It's also very useful to make a clamping bar to match the plate holes!

Regards,

IanT

PS The slitting saw in the second photo was being put on for another job when I took the photo to show the clamp bar etc from the previous work. This is a useful workshop diary/reminder - as my memory sometimes fails me. I sometimes find bits that I know I've made but cannot for the life of me remember why!

Digital photos really help me jog my memory these days! wink

Fixture Plate 1

Fixture Plate 2

Me.16/09/2021 11:52:38
127 forum posts
18 photos
Posted by John MC on 15/09/2021 17:48:45:

Would that be a Herbert 0V? Mine had a single tee slot, I added a second slot midway between the existing slot and the front of the table.

I considered other options, a plate with three tee slots, would reduce vertical capacity too much, likewise a plate with an array of threaded holes. The latter idea would have been a pain to use, clearing the swarf out of the threaded holes!

John

Hi John

Mines the Herbert 10s - and research seems to suggest it might be the only one still working...... I have made contact with another Herbert user but he has the 10 - It seems the 10s is slightly different.

I had considered cutting another slot but I was steered away from the idea by others - I did wonder why it wasn't recommended as the table is almost 1" thick - now I can see in the last picture the harrow table with 3 slots I can't see any reason why not to mill another slot in my table.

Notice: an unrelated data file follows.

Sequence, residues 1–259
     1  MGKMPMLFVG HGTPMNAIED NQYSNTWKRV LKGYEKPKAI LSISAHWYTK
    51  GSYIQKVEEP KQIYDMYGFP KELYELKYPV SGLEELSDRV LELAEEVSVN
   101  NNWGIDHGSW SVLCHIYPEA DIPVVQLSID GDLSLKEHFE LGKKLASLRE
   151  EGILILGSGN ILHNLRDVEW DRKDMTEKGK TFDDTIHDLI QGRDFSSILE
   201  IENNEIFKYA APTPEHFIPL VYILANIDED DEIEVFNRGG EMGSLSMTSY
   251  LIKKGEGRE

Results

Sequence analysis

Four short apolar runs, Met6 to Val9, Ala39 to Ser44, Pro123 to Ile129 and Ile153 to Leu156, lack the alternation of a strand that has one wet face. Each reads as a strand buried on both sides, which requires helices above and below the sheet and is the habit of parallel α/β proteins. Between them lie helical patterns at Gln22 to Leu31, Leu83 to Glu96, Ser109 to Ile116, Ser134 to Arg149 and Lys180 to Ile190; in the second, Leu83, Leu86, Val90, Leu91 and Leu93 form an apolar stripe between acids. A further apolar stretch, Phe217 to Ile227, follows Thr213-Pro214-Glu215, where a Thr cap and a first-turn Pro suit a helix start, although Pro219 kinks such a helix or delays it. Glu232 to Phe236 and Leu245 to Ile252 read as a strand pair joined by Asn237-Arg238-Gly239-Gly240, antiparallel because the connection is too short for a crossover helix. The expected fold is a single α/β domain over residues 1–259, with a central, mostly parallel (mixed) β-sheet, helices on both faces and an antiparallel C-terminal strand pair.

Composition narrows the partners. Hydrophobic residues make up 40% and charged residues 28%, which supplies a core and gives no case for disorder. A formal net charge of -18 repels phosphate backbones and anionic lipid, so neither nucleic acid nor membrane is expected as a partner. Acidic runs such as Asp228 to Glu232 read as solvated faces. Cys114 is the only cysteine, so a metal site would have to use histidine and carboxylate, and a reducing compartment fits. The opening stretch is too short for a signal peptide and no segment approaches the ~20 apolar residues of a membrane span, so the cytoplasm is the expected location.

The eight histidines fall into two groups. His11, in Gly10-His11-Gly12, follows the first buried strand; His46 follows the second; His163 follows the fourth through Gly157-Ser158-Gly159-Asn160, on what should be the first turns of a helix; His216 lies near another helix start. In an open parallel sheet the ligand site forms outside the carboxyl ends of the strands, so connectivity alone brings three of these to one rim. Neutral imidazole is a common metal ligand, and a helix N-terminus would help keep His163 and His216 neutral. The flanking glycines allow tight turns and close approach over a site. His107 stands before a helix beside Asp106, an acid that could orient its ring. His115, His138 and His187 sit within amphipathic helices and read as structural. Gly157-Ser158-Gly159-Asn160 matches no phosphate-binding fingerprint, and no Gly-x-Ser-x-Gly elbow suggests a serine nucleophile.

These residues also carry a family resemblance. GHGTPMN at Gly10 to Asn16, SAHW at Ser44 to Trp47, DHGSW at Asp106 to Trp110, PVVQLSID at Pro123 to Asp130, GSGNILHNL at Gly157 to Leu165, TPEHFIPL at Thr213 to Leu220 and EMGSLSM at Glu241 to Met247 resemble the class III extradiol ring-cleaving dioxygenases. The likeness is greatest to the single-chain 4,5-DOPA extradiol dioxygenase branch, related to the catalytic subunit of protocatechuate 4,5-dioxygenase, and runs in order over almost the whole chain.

IanT16/09/2021 15:09:15
1918 forum posts
185 photos
Posted by Me. on 16/09/2021 11:52:38:
I did wonder why it wasn't recommended as the table is almost 1" thick - now I can see in the last picture the harrow table with 3 slots I can't see any reason why not to mill another slot in my table.

Not sure which photo you are referring to - but if it's the Atlas, there is only one T-slot but it has two 'V' grooves either side of it that are accurately machined (in effect built-in V blocks). Round material can be quickly clamped on these Vs for some machining operations. Might be another option for your table and possibly easier to cut too.

Regards,

IanT

All Topics | Latest Posts

Please login to post a reply.

Magazine Locator

Want the latest issue of Model Engineer or Model Engineers' Workshop? Use our magazine locator links to find your nearest stockist!

Find Model Engineer & Model Engineers' Workshop

Latest Forum Posts
Support Our Partners
Eccentric July 5 2018
rapid Direct
cowells
emcomachinetools
Warco
walker midge
JD Metals
Eccentric Engineering
Subscription Offer

Latest "For Sale" Ads
Latest "Wanted" Ads
Get In Touch!

Do you want to contact the Model Engineer and Model Engineers' Workshop team?

You can contact us by phone, mail or email about the magazines including becoming a contributor, submitting reader's letters or making queries about articles. You can also get in touch about this website, advertising or other general issues.

Click THIS LINK for full contact details.

For subscription issues please see THIS LINK.

Digital Back Issues

Social Media online

'Like' us on Facebook
Follow us on Facebook

Follow us on Twitter
 Twitter Logo

Pin us on Pinterest